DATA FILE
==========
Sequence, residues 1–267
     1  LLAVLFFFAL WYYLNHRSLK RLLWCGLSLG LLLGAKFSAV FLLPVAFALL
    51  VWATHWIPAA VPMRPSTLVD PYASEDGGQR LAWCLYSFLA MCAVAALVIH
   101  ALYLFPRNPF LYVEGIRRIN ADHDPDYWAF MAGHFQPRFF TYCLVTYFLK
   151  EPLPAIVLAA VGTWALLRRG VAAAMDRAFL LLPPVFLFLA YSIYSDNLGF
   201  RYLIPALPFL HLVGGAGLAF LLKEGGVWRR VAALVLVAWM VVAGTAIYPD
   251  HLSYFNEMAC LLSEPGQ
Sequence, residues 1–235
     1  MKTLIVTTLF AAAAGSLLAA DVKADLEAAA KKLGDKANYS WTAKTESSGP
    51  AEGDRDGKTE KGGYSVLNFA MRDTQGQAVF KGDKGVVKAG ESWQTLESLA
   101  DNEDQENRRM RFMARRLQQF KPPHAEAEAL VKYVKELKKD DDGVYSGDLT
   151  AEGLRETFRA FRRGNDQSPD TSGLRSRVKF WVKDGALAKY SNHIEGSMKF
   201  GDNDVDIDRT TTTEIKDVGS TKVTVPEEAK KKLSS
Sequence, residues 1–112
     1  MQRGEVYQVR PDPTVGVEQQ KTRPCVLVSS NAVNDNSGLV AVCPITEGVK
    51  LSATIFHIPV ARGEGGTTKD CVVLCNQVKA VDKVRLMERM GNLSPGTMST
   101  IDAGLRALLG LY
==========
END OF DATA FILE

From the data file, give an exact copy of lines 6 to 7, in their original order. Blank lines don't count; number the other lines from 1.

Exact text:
   201  RYLIPALPFL HLVGGAGLAF LLKEGGVWRR VAALVLVAWM VVAGTAIYPD
   251  HLSYFNEMAC LLSEPGQ